Trainwreck Review


By Justin Jasso (@jjasso007)

How do we learn about the world? It really begins as small children and we learn from thing we see on TV and from our parents. Now, that could be good or bad, depending on the parents. But they are our introductions to life. From the moment we’re born, we learn about trust and security by whether or not they are there for us when we need them, and, according to psychology, if our needs are met (or not), we progress down different lines. Such is the most underlying foundation of the latest film from Judd Apatow, from a script by Amy Schumer, Trainwreck.

In a flashback, young Amy (Devin Fabry) and Kim’s (Carla Oudin) father explain to the girls why their parents are getting a divorce (he was having multiple affairs) using a Barbie doll. “You wouldn’t want to play with one Barbie for the rest of your life, would you?” This little bit of information becomes ingrained in the mind of Amy (Amy Schumer) as she grows up. Amy is a writer for a popular magazine who runs articles like “Does garlic change the taste of semen?” and “The 10 Ugliest Celebrity Children Under 6 Years Old”. This affords her a lifestyle she wants, with a nice apartment and the ability to sleep with as many men as she wants, then moving on to the next guy. Her sister Kim (Brie Larson), on the other hand, has found happiness in a married life and wishes the same for Amy.


It isn’t until Amy is assigned to write an article on famed sports doctor Aaron (Bill Hader), which she doesn’t want to do because she hates sports, that something begins to change. Aaron is a hard working guy who believes in love, spends time doing extra work with Doctors without Borders and doesn’t really seem to know how great he is. Amy becomes shocked when she and Aaron actually fall into a relationship. It is this un-comfortableness that causes a dilemma for Amy: should she push him away and leave, as she always has in the past, or does she stay and see what actually may happen?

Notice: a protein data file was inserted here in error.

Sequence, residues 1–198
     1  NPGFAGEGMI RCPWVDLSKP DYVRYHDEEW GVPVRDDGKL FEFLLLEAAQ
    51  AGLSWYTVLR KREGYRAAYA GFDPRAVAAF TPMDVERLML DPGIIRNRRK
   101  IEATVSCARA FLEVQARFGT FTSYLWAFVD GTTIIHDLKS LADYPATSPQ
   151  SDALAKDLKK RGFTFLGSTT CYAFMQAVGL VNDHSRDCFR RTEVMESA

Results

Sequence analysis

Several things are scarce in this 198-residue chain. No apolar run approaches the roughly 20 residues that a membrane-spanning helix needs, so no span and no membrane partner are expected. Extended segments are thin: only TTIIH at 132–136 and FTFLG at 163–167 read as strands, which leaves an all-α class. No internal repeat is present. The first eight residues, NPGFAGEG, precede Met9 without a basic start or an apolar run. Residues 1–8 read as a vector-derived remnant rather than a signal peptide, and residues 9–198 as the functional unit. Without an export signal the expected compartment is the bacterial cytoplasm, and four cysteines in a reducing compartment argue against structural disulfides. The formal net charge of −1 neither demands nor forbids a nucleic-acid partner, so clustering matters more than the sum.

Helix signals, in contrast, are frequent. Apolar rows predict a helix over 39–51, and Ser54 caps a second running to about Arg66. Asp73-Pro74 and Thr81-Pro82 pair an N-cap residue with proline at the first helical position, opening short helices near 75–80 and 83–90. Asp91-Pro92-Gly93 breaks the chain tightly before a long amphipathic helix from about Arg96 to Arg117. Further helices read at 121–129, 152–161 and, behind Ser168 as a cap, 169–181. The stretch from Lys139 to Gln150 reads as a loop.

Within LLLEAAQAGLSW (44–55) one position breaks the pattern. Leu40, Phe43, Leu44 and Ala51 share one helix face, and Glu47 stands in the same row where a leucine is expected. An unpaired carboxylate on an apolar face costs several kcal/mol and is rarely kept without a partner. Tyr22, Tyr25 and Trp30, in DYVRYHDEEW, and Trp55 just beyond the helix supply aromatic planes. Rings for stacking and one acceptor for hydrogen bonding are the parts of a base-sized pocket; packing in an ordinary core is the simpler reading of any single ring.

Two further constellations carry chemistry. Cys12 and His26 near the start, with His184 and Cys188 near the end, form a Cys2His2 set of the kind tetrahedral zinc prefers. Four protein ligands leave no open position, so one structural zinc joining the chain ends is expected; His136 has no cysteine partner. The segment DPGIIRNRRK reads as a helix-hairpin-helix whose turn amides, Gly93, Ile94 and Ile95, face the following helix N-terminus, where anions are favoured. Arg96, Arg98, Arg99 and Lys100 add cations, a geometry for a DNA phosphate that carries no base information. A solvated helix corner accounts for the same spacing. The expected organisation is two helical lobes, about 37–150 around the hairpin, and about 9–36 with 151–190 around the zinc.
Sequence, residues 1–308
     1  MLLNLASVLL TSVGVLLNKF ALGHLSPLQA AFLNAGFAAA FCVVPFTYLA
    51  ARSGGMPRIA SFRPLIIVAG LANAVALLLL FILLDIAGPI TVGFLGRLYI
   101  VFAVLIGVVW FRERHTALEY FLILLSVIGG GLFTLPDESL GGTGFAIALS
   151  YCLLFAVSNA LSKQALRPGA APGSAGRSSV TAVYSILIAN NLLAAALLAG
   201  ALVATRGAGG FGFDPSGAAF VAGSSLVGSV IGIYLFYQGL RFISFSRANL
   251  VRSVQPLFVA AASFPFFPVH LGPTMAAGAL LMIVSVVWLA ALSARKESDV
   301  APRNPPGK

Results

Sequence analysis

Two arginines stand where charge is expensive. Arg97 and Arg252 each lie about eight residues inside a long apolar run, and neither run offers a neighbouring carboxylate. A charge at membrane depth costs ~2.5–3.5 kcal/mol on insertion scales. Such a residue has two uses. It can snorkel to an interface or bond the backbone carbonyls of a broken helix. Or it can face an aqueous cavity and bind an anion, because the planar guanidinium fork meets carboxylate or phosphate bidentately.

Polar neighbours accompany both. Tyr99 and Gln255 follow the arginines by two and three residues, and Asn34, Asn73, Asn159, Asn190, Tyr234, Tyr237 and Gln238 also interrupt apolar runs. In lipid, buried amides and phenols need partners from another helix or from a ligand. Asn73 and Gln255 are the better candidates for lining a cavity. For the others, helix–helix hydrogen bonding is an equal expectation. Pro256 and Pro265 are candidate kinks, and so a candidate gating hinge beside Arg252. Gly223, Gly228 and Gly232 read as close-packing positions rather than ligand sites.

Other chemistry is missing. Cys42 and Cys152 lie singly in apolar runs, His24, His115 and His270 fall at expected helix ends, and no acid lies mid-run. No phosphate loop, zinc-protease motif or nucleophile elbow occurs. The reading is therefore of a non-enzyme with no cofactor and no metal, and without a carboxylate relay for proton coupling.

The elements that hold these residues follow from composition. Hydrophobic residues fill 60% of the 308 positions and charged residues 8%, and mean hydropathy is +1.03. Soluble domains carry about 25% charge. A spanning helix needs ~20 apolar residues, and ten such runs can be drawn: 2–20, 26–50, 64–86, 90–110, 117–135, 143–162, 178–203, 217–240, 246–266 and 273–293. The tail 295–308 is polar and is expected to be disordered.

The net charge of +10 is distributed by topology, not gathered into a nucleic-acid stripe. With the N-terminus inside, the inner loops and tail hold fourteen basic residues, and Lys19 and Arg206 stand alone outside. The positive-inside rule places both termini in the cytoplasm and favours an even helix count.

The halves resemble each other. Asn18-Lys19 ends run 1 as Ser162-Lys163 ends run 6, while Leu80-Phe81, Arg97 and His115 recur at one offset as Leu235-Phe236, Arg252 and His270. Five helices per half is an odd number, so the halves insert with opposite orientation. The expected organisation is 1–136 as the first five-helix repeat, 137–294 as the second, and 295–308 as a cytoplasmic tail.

In a Judd Apatow film, he’s usually the one who has written the script, but takes the plunge and creates the work of someone else this time around. Apatow knows comedy, he knows people and he knows how audiences can relate, and it is here in Trainwreck that the magic happens. The script is flipped on its head, with Schumer playing the role that would usually be given to a male lead, and Hader playing the role that would be typical of a female lead. It is this juxtaposition, along with the comedic talents of Schumer and Hader, that thoroughly bring the film to life. One of the biggest things that makes this film so successful is how relatable it is on so many different levels. We have all been in relationships (making an assumption here, bear with me), have been in good ones and bad ones, have lived lives of excess or more frugality and know people who fit into all these character molds. It is this familiarity we have as humans that puts Trainwreck on a different level of viewership, grabbing us from the beginning with humor and realism.

If you didn’t know who Amy Schumer was prior to this film, you will now. She’s arguably one of the funniest women in Hollywood, with her truthfulness and honesty about life. And she brings that to life, brilliantly here. Playing the “male” role, she embodies what it is to be a stereotypical male, to enjoy life to the fullest, not caring and just having fun. She also lacks a certain amount of responsibility. This embodiment stems from the imparting of ideologies that we often receive from our parents, and it takes a while for her character to break through that and continue to grow as a human. But the journey in itself is a true joy to watch with Amy. Bill Hader is just awesome a down to earth doctor to the sport stars. He is the embodiment of what women hope to find in a guy, for the most part. He isn’t perfect, but who is? Then there are smaller roles around for the likes of John Cena, who is a physical specimen with a heart of gold, and Lebron James, who is one of Doctor Aaron’s patients. Lebron has a larger role than one would think and, while his first two scenes or so, are a bit stiff, he finds his groove and has some great on screen moments with both Hader and Schumer.


Trainwreck is much more than just a funny comedy. There is wisdom to be found, wisdom which we can all take and apply to our own lives and relationships. The realization that there comes a time when we need to stop keeping the world at arm’s length to avoid getting hurt, to allow people in who could actually be good for us, to not take everything at face value and find our own answers in life. Audiences may find a few things to quibble about with Trainwreck, but for a not traditional at all romantic comedy, this film is something special.

Rating: 4.5 out of 5 stars

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